As part of Welcome Week, you will be able to take part in a range of activities that will help you settle into university life and your studies.

In all scenarios, our focus will be to maintain on-campus teaching. This will include live face-to-face lectures or problem-based learning/discussion sessions as well as practical sessions which will be delivered either on campus or online.  Lectures may be live and/or recorded allowing you to watch online if you prefer. Any face-to-face problem based learning and practical sessions will also be available online, along with other supporting learning materials. Seminar modules and academic tutorials will offer you access to face-to-face teaching sessions with the option of taking those classes online where possible.

You’ll have regular 1:1 academic support from your Academic Personal Tutor, and our teaching staff will continue to offer office open hours so that you always have someone to assist you with your learning.

We’ll host Town Hall meetings for all students throughout the year so we can keep you updated with what’s happening in the department and so we can listen to your feedback about the course. This helps ensure you are part of an active learning community, with plenty of opportunities to engage with staff and your peers throughout the year.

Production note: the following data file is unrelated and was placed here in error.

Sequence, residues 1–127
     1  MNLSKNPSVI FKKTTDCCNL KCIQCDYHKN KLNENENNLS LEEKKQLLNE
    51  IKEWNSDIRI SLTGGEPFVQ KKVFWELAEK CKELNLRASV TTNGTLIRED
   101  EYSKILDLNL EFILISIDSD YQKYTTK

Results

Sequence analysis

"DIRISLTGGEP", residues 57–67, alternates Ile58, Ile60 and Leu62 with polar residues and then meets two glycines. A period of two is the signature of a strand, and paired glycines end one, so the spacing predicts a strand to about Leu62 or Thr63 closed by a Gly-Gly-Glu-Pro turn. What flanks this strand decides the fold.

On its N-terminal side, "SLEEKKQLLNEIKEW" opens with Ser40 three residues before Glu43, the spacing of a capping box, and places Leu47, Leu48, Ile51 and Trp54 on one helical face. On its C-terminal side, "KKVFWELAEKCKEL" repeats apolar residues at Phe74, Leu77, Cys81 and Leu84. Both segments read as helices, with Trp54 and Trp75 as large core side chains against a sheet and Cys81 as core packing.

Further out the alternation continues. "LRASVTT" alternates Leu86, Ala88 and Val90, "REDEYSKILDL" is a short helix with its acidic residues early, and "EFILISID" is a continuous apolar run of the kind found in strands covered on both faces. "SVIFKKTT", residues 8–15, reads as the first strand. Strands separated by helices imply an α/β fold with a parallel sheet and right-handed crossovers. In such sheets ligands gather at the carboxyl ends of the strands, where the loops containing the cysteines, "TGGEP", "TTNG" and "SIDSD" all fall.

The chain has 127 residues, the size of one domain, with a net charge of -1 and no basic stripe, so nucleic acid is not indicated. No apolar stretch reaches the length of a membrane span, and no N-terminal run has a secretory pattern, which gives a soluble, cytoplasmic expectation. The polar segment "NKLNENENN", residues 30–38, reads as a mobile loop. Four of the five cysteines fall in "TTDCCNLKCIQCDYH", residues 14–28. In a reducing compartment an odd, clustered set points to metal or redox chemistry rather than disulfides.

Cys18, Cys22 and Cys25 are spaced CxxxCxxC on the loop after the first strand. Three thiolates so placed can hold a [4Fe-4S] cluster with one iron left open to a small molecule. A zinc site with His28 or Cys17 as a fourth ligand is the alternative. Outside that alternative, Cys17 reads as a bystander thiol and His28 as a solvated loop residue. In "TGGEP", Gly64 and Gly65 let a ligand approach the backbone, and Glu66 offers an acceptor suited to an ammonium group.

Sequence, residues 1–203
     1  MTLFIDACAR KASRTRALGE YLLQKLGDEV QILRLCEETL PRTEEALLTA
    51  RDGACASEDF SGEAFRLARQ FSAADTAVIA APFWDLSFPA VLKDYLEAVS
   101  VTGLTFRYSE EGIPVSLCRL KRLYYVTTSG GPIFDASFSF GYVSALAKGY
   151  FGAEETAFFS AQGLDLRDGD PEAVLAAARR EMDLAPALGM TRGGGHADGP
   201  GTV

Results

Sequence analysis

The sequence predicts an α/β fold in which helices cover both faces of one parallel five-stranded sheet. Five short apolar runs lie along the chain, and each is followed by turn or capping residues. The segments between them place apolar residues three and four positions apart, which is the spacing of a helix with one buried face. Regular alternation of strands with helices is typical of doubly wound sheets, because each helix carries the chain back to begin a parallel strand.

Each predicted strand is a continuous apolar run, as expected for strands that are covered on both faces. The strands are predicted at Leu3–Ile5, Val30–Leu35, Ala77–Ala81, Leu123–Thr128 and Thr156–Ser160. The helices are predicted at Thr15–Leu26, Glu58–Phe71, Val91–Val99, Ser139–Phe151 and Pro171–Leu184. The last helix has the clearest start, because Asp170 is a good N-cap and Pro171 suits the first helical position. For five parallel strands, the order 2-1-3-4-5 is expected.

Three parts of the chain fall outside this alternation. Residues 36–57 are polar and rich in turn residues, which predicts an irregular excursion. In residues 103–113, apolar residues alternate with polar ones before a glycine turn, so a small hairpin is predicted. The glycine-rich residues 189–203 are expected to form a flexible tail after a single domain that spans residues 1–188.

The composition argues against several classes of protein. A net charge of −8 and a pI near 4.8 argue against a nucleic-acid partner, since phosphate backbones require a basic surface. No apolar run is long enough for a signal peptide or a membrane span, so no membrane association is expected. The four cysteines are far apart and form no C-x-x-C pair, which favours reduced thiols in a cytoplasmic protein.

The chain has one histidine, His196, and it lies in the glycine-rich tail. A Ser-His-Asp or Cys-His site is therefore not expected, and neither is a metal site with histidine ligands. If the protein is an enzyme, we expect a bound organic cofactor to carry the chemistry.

We know that working collaboratively and socialising with your peers is a key part of learning and the whole university experience. We hope that most of this can be done in-person on our campuses but there will also be discussions board, quizzes and live chats to ensure that you’ll have the opportunity to meet and work with friends outside of your group.

Individual modules and programmes may vary so we recommend that you check your course webpages for more detailed information.

We’ve designed a dynamic and flexible blended learning approach which can quickly adapt to changing circumstances and Government regulations. Our intention is to deliver the majority of teaching and learning face-to-face on our campuses, but if we need to adapt as a result of the pandemic, we’ll still aim to deliver live on-campus teaching wherever possible, enhanced with the best of our online learning and excellent digital resources.